Alana Taylor, a junior at NYU, has publicly slammed the J-school there for “old thinking.” This fall, she’s taking what she terms one of the few courses NYU offers undergrads that focuses on new media and she’s sorely disappointed. The course seems to be more about young news consumers than new media:
I was hoping that NYU would offer more classes where I could understand the importance of digital media, what it means, how to adapt to the new way of reporting, and learn from a professor who understands not only where the Internet is, but where it’s going.
Writing at MediaShift, Taylor admits the course she’s taking, “Reporting Gen Y (a.k.a. Quarterlifers),” doesn’t claim to be a new media class. But she was surprised to find she was the only student in the room who has a blog. And she’s irked that the professor insists that everyone bring the hard copy of the New York Times to class every week.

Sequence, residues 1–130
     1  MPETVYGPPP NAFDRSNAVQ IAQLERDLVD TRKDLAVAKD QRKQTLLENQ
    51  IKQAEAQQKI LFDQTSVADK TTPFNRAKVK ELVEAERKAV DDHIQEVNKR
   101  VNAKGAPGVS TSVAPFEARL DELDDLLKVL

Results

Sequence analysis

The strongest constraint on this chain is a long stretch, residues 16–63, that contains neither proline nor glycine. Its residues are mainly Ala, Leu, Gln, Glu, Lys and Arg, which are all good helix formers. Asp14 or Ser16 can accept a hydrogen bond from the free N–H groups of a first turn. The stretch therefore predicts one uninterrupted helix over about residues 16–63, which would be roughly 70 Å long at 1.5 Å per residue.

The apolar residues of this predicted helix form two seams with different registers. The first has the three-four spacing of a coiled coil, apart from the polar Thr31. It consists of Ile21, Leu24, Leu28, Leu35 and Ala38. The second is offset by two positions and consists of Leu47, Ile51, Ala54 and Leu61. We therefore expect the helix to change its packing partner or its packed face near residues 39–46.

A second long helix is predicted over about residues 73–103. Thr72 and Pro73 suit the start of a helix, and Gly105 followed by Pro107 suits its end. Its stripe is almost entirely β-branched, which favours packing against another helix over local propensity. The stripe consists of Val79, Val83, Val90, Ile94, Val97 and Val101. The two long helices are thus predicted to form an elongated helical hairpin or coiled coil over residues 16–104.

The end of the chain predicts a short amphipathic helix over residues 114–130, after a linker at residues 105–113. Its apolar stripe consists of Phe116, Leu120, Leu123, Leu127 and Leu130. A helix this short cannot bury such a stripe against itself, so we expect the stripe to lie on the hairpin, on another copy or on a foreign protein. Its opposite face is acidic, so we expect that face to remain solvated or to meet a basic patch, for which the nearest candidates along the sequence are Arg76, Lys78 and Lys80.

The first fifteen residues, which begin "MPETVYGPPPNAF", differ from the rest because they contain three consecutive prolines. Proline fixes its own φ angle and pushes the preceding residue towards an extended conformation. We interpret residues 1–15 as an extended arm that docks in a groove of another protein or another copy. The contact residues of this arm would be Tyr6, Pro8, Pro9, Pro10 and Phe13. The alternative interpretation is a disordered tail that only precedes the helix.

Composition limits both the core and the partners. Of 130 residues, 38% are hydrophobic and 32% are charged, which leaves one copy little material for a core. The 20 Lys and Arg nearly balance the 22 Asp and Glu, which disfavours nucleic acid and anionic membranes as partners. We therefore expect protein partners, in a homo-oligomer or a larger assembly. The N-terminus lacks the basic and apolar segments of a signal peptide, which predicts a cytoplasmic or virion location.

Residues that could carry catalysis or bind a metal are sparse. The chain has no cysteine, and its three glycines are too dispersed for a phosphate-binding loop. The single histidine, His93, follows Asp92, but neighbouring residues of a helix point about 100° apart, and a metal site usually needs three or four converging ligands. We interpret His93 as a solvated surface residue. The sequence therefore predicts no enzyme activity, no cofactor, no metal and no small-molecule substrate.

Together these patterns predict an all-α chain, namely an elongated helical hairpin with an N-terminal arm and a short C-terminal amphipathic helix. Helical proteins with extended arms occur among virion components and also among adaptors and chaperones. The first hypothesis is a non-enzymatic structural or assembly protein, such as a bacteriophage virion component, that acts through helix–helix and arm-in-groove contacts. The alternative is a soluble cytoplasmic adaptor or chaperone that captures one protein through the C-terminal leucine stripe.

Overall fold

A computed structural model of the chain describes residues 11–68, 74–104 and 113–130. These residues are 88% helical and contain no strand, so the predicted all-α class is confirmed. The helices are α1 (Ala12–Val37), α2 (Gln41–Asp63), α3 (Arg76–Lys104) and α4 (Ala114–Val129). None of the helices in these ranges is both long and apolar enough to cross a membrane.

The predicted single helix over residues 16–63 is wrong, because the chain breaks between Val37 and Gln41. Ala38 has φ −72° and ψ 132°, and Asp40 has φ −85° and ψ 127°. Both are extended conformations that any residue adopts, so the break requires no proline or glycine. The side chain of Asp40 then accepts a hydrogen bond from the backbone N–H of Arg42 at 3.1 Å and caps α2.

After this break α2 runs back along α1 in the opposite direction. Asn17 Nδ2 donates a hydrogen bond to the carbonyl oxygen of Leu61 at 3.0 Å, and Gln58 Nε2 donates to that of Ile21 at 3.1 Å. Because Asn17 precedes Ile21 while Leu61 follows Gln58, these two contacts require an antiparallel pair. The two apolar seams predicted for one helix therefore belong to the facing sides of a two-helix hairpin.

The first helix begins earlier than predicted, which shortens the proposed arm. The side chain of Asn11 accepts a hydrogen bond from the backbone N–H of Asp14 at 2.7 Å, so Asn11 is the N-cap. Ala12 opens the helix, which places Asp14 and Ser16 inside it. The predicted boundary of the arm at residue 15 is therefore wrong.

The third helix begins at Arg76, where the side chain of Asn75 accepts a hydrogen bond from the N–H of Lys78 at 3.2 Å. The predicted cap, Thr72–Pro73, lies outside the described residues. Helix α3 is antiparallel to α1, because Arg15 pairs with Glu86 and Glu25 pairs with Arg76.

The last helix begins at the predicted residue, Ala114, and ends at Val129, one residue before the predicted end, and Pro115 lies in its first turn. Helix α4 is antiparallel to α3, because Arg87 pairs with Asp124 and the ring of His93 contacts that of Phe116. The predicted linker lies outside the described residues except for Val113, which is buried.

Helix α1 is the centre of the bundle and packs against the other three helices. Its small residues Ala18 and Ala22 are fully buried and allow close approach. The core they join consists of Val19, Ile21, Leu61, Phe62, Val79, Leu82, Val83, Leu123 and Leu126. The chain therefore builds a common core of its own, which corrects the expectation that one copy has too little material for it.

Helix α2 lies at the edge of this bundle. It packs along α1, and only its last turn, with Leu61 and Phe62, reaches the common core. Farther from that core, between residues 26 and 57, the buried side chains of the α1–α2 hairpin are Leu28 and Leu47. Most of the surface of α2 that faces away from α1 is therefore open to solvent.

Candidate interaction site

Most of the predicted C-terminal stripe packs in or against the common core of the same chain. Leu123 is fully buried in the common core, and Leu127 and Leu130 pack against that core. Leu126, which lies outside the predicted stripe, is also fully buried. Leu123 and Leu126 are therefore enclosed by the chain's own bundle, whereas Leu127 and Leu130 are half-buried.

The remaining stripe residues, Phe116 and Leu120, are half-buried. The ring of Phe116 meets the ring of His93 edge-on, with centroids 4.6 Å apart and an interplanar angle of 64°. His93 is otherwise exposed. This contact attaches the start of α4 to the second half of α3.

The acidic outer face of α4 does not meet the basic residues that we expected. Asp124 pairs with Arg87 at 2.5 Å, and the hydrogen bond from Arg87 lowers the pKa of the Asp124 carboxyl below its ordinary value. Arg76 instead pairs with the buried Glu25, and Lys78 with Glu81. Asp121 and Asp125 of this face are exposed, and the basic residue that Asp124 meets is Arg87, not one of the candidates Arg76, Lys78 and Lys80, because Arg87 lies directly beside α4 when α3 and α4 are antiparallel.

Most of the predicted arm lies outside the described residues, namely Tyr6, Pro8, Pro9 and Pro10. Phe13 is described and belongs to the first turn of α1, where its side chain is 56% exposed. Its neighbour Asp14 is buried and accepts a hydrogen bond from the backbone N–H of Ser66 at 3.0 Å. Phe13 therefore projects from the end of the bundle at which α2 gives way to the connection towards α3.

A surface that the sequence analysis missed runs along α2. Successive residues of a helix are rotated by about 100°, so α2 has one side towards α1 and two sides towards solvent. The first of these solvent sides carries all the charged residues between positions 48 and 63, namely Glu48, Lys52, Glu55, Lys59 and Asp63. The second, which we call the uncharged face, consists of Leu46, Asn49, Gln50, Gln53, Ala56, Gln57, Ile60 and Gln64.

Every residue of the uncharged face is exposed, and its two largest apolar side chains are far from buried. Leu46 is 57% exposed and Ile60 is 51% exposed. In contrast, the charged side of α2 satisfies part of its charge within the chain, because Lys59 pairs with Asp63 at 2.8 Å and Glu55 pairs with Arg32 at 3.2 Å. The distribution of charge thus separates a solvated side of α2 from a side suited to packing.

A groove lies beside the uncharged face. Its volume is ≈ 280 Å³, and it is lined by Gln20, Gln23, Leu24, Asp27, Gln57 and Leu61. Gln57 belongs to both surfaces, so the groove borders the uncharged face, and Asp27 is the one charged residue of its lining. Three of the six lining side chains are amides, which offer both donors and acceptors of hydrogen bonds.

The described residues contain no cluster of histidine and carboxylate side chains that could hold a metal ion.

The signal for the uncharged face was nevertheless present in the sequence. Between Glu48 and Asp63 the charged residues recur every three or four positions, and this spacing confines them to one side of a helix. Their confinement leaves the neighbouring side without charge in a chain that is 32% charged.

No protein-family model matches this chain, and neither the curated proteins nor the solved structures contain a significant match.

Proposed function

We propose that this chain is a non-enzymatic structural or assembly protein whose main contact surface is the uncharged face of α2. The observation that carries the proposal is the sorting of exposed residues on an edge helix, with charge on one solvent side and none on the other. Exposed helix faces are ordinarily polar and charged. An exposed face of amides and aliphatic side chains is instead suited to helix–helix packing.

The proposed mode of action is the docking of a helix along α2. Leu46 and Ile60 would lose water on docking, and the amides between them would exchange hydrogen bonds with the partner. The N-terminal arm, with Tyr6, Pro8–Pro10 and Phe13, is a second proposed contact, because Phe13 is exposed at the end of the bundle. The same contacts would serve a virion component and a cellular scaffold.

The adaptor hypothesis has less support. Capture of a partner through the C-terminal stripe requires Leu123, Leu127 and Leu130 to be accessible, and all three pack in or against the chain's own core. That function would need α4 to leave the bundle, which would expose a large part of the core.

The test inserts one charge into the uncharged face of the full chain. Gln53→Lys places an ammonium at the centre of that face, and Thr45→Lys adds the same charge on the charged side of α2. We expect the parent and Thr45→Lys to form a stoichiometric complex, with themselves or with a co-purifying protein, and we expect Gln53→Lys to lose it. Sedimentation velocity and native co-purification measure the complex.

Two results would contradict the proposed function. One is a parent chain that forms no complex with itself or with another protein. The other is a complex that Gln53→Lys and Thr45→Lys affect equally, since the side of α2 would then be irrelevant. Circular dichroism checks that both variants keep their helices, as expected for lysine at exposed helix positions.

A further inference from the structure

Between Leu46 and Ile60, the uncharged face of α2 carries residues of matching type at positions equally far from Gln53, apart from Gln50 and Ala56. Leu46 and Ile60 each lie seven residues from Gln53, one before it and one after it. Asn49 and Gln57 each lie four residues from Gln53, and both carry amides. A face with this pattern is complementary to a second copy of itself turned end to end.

I hoped that perhaps my teacher would be open to the idea of investigating other sources of news from the Internet and discussing how they are reliable or not. I hoped that she wouldn’t refer to podcasts as “being a pain to download” and that being aware of and involved in the digital era wasn’t just a “generational” thing.
I am convinced that I am taking the only old-but-new-but-still-old media class in the country. At this point I may not learn too much I don’t already know about my generation and where it’s taking journalism. But one thing’s for sure — I’m certainly going to gain some insight into what exactly they mean by generation gap.
From what I’ve heard from students and faculty at other schools, Taylor is wrong about at least one thing. There are still plenty of “old-but-new-but-still-old-media” classes being offered on college campuses across the country. True? And what’s it going to take to change that?